43 Types of Fringe Benefits and Their Relative Importance
37
44 Placing a Value on Fringe Benefits and Issues That Arise
38
45 Valuing Fringe Benefits When a Young Person Is Injured
39
46 Valuing Fringe Benefits When an Employed Person Is Injured
41
47 Valuing Fringe Benefits When an Employed Person Is Killed
43
Household Services Losses
45
52 The Nature of Service Loss
46
53 Methods of Inventorying Service Loss
47
54 Resources Related to Service Loss
50
Endnote
51
The VocationalRehabilitation Expert
53
63 Vocational Rehabilitation Expert Credentials
55
65 Records Required for Vocational Rehabilitation Expert Evaluation
59
66 PreInjury versus PostInjury Evaluation
60
67 Evaluation of Earning Capacity in Pediatric Cases
62
68 Earnings versus Earnings Capacity
63
69 Evaluation of Individuals with Preexisting Earning Capacity Disabilities
64
610 PostInjury Earning Capacity EvaluationWhat Information to Use?
66
611 Barriers to Vocational Rehabilitation Evaluation
67
612 Interface with Forensic Economists and other Experts
70
613 Summary
71
Issues of Life Care Planners and Medical Care Costs
73
73 EducationTraining of a Life Care Planner
74
74 Roles of the Life Care Planner
76
75 The Life Care Planning Process
77
76 Communication With Case Experts and Other Professionals
79
77 Specific Economic Issues Related to Life Care Plans
81
Wrongful Death Cases and Personal Consumption Deductions
85
83 Alternative Methods and Data Sources
86
84 Two Earner Households
88
85 Single Persons
90
86 Final Comments
91
103 The Effects of Gender and Race
105
104 Special Occupations
106
105 Special InjuriesWrongful Termination
107
106 Summary and Conclusion
108
The Special Issues of FELA Cases
109
112 Key Information
111
114 Issues with Offsets to Railroader Earnings
113
115 Retirement Benefits
114
116 Worklife Expectancy
115
117 Summary
116
Punitive Damages
117
122 Alternative Approaches
118
123 Judicial Guidelines
119
124 Optimal Deterrence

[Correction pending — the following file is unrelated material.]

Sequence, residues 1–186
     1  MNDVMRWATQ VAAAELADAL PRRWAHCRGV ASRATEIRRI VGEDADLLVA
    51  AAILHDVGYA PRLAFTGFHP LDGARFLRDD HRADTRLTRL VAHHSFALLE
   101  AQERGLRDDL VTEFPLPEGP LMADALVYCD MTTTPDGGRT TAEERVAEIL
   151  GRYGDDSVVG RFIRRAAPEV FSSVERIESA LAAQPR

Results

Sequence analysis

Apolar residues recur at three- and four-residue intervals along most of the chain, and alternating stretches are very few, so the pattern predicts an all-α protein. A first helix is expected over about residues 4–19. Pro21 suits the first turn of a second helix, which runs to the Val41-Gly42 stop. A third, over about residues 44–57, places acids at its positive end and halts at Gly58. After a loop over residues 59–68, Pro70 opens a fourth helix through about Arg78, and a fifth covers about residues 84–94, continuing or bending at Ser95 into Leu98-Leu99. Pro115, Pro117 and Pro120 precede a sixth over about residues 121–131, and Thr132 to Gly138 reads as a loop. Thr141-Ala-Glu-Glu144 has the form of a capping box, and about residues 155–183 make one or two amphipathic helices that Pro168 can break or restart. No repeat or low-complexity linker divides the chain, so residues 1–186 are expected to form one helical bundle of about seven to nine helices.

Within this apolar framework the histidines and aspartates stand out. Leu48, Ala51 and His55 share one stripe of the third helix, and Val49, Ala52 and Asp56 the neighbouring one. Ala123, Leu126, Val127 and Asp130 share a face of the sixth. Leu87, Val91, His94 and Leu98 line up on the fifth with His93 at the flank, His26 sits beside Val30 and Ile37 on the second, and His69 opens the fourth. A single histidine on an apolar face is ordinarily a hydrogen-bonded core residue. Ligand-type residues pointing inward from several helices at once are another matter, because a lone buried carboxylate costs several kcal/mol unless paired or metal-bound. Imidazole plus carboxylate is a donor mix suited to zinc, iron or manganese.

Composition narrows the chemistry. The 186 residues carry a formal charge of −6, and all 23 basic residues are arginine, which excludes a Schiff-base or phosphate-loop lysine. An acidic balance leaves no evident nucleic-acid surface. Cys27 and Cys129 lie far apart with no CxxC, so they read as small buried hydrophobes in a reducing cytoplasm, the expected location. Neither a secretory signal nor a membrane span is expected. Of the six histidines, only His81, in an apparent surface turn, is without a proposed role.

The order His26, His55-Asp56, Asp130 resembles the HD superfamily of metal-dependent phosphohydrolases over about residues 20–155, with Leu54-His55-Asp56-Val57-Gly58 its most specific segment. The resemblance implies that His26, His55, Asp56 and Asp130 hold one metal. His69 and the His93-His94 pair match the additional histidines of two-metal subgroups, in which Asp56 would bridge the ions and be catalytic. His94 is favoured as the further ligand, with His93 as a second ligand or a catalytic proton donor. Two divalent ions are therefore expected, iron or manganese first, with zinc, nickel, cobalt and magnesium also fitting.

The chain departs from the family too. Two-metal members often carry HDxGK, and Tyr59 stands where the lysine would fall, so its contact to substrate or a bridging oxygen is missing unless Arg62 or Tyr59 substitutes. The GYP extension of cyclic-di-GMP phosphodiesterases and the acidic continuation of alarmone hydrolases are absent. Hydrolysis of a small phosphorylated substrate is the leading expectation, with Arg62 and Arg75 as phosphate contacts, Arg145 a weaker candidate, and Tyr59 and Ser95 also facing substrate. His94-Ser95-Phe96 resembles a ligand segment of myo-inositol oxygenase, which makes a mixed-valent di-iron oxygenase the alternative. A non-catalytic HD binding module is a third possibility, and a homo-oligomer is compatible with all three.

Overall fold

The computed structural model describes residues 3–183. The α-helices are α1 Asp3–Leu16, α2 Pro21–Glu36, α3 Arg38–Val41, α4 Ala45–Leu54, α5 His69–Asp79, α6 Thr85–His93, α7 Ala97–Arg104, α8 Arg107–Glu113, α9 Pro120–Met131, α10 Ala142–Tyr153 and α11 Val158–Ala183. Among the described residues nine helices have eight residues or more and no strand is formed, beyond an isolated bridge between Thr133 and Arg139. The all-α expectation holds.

120
125 Punish But Not Destroy
123
126 The State Farm v Campbell Exception
128
128 Summary and Conclusion
129
Inside the Mediation Experience Proof Practice and Preparation
131
132 Three Styles of Mediation
132
133 Role of the Mediator
133
135 Convening the Mediation
135
136 The Opening Session
139
137 The Caucus
140
139 Documenting the Deal
141
1310 Ethical Issues
142
Structured Settlements
143
142 Advantages and Disadvantages
144
143 When Structured Settlements Are Used
146
145 The Role of the Economist Evaluating Structured SettlementsThe Plaintiffs Perspective
147
146 Concluding Comments
148
The Plaintiff Attorneys Perspective on Economic Damages at Trial
149
152 Types of Economic Damages in Wrongful Death Cases
154
153 Presenting Economic Damages at Trial
155
A Defense Trial Lawyer on Damage Issues at Deposition and Trial
163
The Discovery Process
164
164 The Data You Need for Depositions
165
166 What Was Done and What Was Not Done by the Economist
166
167 Specific Discovery Areas
167
169 Preparing the Defense Economist for Deposition
168
1611 Conclusion
173
International Issues in Economic Damages
175
173 The Foreign National in the Foreign Country with US Jurisdiction
178
175 Summary
179
About the Editors
181
About the Authors
183
Index
189
Copyright

Common terms and phrases

About the author (2007)